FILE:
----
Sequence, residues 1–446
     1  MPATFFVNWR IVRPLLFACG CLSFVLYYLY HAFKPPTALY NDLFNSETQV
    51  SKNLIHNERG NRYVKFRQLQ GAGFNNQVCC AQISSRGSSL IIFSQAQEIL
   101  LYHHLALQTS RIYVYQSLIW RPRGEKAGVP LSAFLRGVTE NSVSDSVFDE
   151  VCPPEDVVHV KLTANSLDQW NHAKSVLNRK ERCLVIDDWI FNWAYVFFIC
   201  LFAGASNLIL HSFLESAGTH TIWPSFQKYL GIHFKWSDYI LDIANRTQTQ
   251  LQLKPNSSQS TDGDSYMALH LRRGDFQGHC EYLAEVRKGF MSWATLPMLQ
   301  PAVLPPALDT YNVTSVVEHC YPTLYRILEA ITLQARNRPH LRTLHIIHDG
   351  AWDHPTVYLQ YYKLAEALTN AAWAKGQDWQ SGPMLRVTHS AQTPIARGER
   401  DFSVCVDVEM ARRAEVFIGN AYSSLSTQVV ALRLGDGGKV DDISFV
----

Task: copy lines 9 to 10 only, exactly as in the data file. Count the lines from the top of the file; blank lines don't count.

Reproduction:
   351  AWDHPTVYLQ YYKLAEALTN AAWAKGQDWQ SGPMLRVTHS AQTPIARGER
   401  DFSVCVDVEM ARRAEVFIGN AYSSLSTQVV ALRLGDGGKV DDISFV